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Here's how to win the War on Poverty

Daily Ticker

The War on Poverty didn't fail but isn't finished; here's how to win it

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The War on Poverty didn't fail but isn't finished; here's how to win it

The War on Poverty didn't fail but isn't finished; here's how to win it
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Fifty years ago today, President Lyndon Johnson declared a War on Poverty to end the struggles of millions of Americans. Many believe that the U.S. lost that war because the government spent billions and didn't eradicate poverty in America. But the Center on American Progress founded by former Clinton chief of staff and current Congressional strategist for the Obama administration John Podesta, argues just the opposite.

The center released a report this week showing that the poverty rate fell from 26% in 1967 to 16% in 2012 because of social safety net programs like tax credits, food stamps and Medicaid-- all of which were created as a result of the War on Poverty.

Related: Poverty is America's "Only Growth Sector": Howard Davidowitz

Melissa Boteach, director of the poverty and prosperity program at the Center, tells The Daily Ticker that this safety net has "kept a lot of Americans out of abject poverty," but that the poverty rate is still too high, and the war should go on.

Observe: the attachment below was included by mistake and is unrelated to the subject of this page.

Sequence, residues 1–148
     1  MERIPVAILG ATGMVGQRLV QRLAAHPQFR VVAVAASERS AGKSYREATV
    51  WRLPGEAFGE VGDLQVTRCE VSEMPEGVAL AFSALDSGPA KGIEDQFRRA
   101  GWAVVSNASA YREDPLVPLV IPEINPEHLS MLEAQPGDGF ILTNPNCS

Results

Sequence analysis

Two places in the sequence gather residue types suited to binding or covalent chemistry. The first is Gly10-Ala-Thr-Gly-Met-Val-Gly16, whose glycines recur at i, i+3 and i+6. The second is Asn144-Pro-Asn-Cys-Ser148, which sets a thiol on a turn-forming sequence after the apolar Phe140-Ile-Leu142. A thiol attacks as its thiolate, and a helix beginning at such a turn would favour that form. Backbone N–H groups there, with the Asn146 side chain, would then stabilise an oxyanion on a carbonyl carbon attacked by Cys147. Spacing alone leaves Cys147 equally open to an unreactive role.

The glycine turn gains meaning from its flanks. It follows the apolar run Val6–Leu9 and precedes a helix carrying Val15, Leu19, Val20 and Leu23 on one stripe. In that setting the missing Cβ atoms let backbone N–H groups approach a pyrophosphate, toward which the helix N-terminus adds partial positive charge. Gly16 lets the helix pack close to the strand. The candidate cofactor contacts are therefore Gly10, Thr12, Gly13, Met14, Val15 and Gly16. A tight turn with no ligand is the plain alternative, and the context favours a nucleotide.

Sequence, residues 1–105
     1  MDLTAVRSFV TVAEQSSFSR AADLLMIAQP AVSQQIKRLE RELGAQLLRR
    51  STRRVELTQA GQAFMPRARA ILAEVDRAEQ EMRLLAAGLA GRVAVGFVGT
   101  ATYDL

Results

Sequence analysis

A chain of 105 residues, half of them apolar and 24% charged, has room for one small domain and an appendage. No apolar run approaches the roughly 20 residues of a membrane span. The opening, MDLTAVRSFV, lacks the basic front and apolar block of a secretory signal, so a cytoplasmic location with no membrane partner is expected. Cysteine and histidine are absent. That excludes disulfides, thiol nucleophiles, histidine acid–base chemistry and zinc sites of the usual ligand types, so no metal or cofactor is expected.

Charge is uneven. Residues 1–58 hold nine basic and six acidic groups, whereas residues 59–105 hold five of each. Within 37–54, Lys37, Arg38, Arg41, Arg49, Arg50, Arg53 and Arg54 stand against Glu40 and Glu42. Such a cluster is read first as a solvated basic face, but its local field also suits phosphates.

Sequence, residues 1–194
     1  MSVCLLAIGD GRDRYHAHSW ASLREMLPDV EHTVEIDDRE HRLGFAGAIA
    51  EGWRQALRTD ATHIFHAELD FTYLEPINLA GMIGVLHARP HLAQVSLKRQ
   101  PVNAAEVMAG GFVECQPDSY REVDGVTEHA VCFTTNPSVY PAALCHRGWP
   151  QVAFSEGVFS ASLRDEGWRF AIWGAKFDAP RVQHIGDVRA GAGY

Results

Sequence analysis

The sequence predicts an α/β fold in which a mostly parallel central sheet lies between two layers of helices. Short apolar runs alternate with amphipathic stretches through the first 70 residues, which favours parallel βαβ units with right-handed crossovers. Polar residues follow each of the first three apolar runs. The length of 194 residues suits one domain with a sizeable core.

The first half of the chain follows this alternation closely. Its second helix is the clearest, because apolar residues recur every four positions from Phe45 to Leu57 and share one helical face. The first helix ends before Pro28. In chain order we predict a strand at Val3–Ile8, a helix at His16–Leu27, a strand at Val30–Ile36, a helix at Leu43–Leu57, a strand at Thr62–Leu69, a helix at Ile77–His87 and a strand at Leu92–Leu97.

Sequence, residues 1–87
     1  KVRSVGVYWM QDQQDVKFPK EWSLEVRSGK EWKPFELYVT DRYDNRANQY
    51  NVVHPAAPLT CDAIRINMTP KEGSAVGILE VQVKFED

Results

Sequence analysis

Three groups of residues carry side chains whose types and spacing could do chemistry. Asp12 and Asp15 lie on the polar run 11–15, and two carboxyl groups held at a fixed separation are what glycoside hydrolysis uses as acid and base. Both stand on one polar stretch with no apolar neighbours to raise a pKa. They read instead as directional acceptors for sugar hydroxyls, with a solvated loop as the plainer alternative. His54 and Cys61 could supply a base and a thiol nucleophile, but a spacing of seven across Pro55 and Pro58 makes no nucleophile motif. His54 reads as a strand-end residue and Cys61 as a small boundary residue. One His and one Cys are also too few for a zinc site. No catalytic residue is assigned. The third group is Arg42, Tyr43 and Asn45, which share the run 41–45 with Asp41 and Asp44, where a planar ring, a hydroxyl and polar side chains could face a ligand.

"We haven't done enough," says Boteach. "We still need to make the labor market work better for people because right now that safety net is having to work overtime to make up for rising income inequality for an economy that's not producing enough living wage jobs."

Related: Top Reason to Raise the Minimum Wage: It's 30% Below 1968 Level After Inflation

In the video above The Daily Ticker asks Boteach what can be done to create an economy that produces enough living wage jobs.

Boteach suggests that the federal government:

•    Invest in infrastructure, energy, health care and other growing industries in order to create more jobs
•    Raise the minimum wage, which is about 30% lower than it was in the 1960s after adjusting for inflation
•    Index the minimum wage to inflation so it keeps up with the rising cost of living
•    Expand pre-K and child care for working parents

Adopting those recommendations plus an expansion of tax credits for low-wage working families could cut the poverty rate by 26% over the next 10 years, says Boteach, who's also director of the "Half in Ten" program at the Center for American Progress. Its purpose: to cut the poverty rate in half over 10 years.

As of January 1, the minimum wage increased in 13 states, but it remains unchanged at the federal level, stuck at $7.25 since July 2009. President Obama is expected to push for a minimum wage hike this year, but Boteach isn't convinced Congress will go along. Still she's certain it will be an election issue come November.

Related: Extending jobless benefits is the right thing to do says Brookings analyst

Boteach also favors an extension of the emergency unemployment benefits, which is expected to pass the Senate but face stiff opposition in the House.

As for paying for these programs, Boteach notes that poverty itself is an economic cost. "Child poverty costs the economy $500 billion a year in lost economic productivity, increased health expenditures and criminal justice expenditures...In the long-term it is a good investment...that we can all benefit from."

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